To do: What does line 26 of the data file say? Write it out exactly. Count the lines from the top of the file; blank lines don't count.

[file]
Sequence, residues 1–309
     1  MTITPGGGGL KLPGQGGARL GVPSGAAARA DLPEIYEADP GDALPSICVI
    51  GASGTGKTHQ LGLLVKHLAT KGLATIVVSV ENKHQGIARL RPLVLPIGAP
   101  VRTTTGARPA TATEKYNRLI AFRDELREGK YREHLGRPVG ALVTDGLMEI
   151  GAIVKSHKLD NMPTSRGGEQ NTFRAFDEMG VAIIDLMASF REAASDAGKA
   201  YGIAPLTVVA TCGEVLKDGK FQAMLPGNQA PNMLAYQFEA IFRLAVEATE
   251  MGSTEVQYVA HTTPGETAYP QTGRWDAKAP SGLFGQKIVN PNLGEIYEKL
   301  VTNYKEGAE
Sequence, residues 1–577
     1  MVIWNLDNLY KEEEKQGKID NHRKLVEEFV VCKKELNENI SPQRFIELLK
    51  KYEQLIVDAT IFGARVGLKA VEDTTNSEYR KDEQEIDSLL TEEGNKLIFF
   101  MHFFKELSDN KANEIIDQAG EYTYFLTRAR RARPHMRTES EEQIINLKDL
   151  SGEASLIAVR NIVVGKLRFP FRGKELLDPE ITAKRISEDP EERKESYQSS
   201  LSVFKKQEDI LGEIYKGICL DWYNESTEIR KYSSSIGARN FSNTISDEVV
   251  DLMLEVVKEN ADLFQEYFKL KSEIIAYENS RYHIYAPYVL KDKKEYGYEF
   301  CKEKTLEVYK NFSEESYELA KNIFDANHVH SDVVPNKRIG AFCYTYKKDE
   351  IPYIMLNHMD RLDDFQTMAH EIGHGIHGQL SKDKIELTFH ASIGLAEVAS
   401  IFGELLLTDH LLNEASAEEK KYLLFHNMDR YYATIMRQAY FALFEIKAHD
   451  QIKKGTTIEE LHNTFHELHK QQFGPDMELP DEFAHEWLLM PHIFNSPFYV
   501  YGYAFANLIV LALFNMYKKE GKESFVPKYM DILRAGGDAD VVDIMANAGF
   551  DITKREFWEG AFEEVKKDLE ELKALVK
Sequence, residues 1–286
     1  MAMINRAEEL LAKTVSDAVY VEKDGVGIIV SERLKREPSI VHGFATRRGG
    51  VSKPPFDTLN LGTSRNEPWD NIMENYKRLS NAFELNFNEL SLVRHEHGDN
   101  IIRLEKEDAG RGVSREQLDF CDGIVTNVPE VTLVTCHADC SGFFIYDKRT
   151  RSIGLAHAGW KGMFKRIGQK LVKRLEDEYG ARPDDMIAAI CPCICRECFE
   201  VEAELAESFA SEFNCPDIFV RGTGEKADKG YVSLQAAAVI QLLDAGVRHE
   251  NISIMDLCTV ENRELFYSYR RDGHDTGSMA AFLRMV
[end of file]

   151  RSIGLAHAGW KGMFKRIGQK LVKRLEDEYG ARPDDMIAAI CPCICRECFE